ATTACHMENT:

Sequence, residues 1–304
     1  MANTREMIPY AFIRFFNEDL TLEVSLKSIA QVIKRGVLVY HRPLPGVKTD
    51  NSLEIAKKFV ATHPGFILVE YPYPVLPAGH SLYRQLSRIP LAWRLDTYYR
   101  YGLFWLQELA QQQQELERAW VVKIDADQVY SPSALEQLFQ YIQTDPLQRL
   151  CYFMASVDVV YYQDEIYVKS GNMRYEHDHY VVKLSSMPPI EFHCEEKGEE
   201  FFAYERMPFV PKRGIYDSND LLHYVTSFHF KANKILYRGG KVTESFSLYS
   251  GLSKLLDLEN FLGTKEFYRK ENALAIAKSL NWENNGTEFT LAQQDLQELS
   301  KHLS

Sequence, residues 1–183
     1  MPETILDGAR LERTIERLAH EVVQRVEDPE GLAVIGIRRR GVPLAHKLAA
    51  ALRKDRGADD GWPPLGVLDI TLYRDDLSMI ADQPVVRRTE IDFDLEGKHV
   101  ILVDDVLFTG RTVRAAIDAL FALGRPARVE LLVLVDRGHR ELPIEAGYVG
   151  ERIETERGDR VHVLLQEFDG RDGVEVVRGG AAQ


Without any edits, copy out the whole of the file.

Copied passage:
Sequence, residues 1–304
     1  MANTREMIPY AFIRFFNEDL TLEVSLKSIA QVIKRGVLVY HRPLPGVKTD
    51  NSLEIAKKFV ATHPGFILVE YPYPVLPAGH SLYRQLSRIP LAWRLDTYYR
   101  YGLFWLQELA QQQQELERAW VVKIDADQVY SPSALEQLFQ YIQTDPLQRL
   151  CYFMASVDVV YYQDEIYVKS GNMRYEHDHY VVKLSSMPPI EFHCEEKGEE
   201  FFAYERMPFV PKRGIYDSND LLHYVTSFHF KANKILYRGG KVTESFSLYS
   251  GLSKLLDLEN FLGTKEFYRK ENALAIAKSL NWENNGTEFT LAQQDLQELS
   301  KHLS

Sequence, residues 1–183
     1  MPETILDGAR LERTIERLAH EVVQRVEDPE GLAVIGIRRR GVPLAHKLAA
    51  ALRKDRGADD GWPPLGVLDI TLYRDDLSMI ADQPVVRRTE IDFDLEGKHV
   101  ILVDDVLFTG RTVRAAIDAL FALGRPARVE LLVLVDRGHR ELPIEAGYVG
   151  ERIETERGDR VHVLLQEFDG RDGVEVVRGG AAQ